An oral history of Rickrolling

In 2006, Erik Helwig created the Rickroll. Maybe. Over at MEL Magazine, Brian VanHooker's "An Oral History of Rickrolling" takes us back to a time when the worst of the weaponized Internet memes were those created by advertising agencies, not corrupt politicians and warmongers. And if you're curious what I mean by that, watch the rather shocking video above. From MEL:

Erik Helwig, founder of Rickrolling (maybe): This was small-town, rural Michigan and there was this radio program called the Postgame Show that covered local sports. People would call in and say stuff like, "My son Christopher played on the team tonight, and he did a real great job!" Stuff like that, so my friends and I started pranking it and the calls started getting weirder and weirder. We'd call in and talk about our favorite Nicolas Cage movies and other weird stuff like that. Then one day I called them and just played "Never Gonna Give You Up" on the air. I didn't say anything, I just played the song. The host had absolutely no reaction to it, he didn't say, "I'm being Rickrolled" or anything like that because it was before all that.

I don't know if I want to call myself the "founder" of Rickrolling. That's difficult for me because it was something that I did on a whim and later realized that I did this six months before anyone else, which I thought was cool, but that's about it. I only picked that song because I really like the song — it's a great 1980s song that's fun to laugh at in the best way. There's nothing more to it than that, but I don't know if somebody else thought of that song as something to prank somebody else with. The Wikipedia page links it back to a 2005 episode of It's Always Sunny in Philadelphia, and then there's Duckrolling also, so I really don't know if I'm the founder or not. All I know is that I called my radio station in 2006 and pranked them with the song….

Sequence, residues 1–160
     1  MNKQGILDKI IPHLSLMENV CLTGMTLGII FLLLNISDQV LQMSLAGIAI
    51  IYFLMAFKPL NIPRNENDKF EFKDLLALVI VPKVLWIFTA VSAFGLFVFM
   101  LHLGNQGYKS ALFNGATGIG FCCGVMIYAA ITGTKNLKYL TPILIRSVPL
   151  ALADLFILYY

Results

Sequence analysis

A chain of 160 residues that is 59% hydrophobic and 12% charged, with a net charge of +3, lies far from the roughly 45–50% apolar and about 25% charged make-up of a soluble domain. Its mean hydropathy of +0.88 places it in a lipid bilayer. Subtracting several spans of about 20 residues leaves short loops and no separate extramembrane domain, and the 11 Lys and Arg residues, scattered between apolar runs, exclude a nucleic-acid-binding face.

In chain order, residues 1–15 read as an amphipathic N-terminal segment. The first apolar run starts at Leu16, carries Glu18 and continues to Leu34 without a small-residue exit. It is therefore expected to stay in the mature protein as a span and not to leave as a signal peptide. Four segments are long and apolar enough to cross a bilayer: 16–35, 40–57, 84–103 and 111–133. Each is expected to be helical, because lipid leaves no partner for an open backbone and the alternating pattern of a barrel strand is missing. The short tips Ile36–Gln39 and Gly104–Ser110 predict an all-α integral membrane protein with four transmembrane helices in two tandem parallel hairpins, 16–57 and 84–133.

(Don Caldwell, internet historian and editor-in chief of Know Your Meme): One of the first Rickrolls — and possibly the first one — was disguised as a preview for Grand Theft Auto 4 in May 2007. Because that was such a hugely anticipated game at the time, a lot of people fell victim to Rickrolling. This prank mostly remained on 4chan for about a year, then on February 10, 2008, members of the internet group Anonymous protested the church of Scientology for trying to censor videos about Scientology. During these rallies, "Never Gonna Give You Up" was played from boomboxes by Anonymous members.